More researchers are looking at the idea of placebos—substances that have no actual pharmaceutical effect—as an alternative to traditional pain medications, which can be ineffective and carry significant side effects. Placebos might have particular potential for difficult-to-treat conditions like chronic back pain, cancer-related fatigue and symptoms of irritable bowel syndrome, researchers hope.
As many as 30% to 50% of chronic pain patients will respond to placebos, research suggests. And new studies are helping to identify genetic and brain differences that make certain people more likely to respond.
From a Genetic Engineering & Biotechnology News online article:
“We were able to show that if you can stop the plasmid from replicating, then most of the bacteria lose the plasmid as the bacteria grow and divide. This means that infections that might otherwise be hard to control, even with the most powerful antibiotics available, are more likely to be treatable with standard antibiotics.”
Researchers headed by a team at the University of Birmingham in the U.K. have developed a probiotic drink containing genetic elements that are designed to thwart antimicrobial resistance (AMR) in gut bacteria at the genetic level. The drink targets small DNA elements called plasmids that carry antibiotic resistance genes, and which are able to replicate independently and spread between bacteria. By preventing these plasmids from replicating, the antibiotic resistance genes are displaced, effectively resensitizing the bacteria to antibiotics.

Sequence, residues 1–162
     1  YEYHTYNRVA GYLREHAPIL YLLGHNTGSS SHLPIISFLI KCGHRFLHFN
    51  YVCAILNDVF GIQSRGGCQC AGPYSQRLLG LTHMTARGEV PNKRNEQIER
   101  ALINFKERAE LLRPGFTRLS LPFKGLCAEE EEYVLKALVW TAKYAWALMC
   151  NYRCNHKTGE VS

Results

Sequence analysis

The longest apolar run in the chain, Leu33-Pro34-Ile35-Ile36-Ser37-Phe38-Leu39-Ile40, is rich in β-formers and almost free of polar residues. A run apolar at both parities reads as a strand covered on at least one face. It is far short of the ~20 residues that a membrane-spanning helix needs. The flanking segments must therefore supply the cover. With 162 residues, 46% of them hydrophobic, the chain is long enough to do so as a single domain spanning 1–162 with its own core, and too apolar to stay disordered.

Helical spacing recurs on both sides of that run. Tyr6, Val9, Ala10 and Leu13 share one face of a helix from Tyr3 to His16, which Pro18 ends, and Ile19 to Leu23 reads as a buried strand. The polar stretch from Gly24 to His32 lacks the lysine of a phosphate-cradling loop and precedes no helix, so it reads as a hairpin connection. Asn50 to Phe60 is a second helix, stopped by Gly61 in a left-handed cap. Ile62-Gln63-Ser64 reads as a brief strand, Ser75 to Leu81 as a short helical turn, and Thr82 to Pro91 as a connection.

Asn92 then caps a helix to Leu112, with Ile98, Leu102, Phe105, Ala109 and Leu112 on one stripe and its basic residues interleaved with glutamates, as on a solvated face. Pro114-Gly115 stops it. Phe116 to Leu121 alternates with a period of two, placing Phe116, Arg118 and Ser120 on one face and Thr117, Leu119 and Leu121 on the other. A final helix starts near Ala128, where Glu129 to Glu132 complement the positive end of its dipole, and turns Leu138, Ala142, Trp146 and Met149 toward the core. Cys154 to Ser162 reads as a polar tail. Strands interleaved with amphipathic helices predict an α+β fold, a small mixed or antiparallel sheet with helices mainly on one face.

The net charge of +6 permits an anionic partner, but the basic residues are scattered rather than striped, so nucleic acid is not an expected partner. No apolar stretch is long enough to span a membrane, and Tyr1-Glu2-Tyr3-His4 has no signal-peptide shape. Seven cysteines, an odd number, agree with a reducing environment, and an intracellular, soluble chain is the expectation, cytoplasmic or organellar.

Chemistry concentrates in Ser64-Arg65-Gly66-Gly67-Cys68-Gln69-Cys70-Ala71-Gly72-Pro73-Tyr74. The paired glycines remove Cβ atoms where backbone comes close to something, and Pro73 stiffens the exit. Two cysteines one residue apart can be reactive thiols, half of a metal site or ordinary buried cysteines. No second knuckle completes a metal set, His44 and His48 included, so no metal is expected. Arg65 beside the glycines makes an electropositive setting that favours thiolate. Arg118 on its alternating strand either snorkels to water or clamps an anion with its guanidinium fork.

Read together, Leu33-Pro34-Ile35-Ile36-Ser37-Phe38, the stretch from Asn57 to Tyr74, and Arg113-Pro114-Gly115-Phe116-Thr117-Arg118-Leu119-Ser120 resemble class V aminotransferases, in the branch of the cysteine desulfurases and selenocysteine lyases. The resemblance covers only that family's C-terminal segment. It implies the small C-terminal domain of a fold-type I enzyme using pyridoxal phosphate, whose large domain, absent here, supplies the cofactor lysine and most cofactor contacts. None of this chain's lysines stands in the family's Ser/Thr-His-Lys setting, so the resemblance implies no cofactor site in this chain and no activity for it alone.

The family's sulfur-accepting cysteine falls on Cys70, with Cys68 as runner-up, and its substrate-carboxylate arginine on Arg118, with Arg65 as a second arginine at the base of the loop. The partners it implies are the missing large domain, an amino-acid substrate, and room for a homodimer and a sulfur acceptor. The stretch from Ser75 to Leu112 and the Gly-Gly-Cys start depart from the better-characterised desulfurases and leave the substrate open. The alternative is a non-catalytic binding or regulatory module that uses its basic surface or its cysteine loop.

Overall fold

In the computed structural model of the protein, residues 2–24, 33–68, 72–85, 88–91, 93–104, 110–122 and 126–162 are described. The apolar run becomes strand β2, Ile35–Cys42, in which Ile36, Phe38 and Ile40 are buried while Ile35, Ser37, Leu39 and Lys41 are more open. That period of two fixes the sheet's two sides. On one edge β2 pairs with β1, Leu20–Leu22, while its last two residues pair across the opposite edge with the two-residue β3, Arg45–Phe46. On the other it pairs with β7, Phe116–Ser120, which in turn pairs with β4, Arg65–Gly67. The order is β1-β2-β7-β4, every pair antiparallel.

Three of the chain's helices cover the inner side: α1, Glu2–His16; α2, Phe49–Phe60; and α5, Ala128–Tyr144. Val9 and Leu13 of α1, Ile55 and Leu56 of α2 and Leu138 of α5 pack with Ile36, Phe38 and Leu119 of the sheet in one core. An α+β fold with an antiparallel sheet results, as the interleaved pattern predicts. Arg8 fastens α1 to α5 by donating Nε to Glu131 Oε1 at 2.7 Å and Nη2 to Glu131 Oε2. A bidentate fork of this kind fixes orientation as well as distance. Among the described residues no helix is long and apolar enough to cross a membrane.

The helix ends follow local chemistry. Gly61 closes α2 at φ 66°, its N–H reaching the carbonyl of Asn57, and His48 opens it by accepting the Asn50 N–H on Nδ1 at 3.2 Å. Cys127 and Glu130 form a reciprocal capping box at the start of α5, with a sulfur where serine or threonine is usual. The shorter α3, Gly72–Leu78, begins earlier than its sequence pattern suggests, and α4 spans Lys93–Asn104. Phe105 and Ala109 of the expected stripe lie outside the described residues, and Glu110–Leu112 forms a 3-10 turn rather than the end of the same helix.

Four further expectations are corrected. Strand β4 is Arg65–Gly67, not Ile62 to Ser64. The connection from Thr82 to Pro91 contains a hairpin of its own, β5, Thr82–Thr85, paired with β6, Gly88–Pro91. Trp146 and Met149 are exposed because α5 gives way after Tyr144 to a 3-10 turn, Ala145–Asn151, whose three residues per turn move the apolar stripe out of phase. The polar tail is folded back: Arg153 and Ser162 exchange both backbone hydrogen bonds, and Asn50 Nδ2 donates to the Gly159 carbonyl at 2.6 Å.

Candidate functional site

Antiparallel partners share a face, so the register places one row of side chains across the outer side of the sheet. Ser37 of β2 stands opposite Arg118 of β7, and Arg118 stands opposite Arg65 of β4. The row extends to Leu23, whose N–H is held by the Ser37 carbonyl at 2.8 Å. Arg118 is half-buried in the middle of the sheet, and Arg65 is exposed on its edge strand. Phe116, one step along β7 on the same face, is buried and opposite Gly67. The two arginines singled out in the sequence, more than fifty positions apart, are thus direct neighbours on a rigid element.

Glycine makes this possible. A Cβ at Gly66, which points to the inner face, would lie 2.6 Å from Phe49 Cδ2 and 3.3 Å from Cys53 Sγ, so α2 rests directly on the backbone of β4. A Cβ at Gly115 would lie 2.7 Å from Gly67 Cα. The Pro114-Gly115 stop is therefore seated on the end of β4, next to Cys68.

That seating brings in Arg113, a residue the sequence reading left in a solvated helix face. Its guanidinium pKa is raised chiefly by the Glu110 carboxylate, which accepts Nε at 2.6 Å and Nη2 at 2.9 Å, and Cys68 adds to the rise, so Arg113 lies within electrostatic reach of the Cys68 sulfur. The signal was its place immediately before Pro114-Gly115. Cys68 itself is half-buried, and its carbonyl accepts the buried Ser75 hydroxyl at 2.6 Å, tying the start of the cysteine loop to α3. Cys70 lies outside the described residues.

“Our data showed that rates of accelerating blood pressure elevation were significantly higher in women than men, starting earlier in life,” said Cheng, the Erika J. Glazer Chair in Women’s Cardiovascular Health, who also serves as director of Cardiovascular Population Sciences at the Barbra Streisand Women’s Heart Center. “This means that if we define the hypertension threshold the exact same way, a 30-year old woman with high blood pressure is probably at higher risk for cardiovascular disease than a man with high blood pressure at the same age.”
(January 15, 2020) – New research from the Smidt Heart Institute at Cedars-Sinai showed for the first time that women’s blood vessels – including both large and small arteries – age at a faster rate than men’s. The findings, published Wednesday in the journal JAMA Cardiology, could help to explain why women tend to develop different types of cardiovascular disease and with different timing than men.
From a JAMA Otolaryngol Head Neck Surgery article:
Cell phone–related injuries to the head and neck have increased steeply over the recent 20-year period, with many cases resulting from distraction. Although the disposition of most cases is simple, some injuries bear a risk of long-term complications. Many of these injuries occurred among those aged 13 to 29 years and were associated with common activities, such as texting while walking. These findings suggest a need for patient education about injury prevention and the dangers of activity while using these devices.
Since their invention, cell phones have played a major role in the daily lives of American adults. Approximately 96% of Americans own a cell phone, provoking interest in their role in causing injury. Given that head and neck traumas make up approximately 5% of emergency department (ED) visits in the United States, cell phone use in relation to such injuries could be of public health concern, in particular because of the psychological and financial burdens such injuries may entail. In addition, knowledge of the mechanism of injury is vital for patient risk stratification and trauma management,and understanding the mechanisms of common cell phone–related injuries can aid health care professionals in assessing patient needs. Health care professionals and public safety officials also must be aware of the epidemiologic nature of such injuries in order to provide adequate counseling and give input for legislation to protect the population.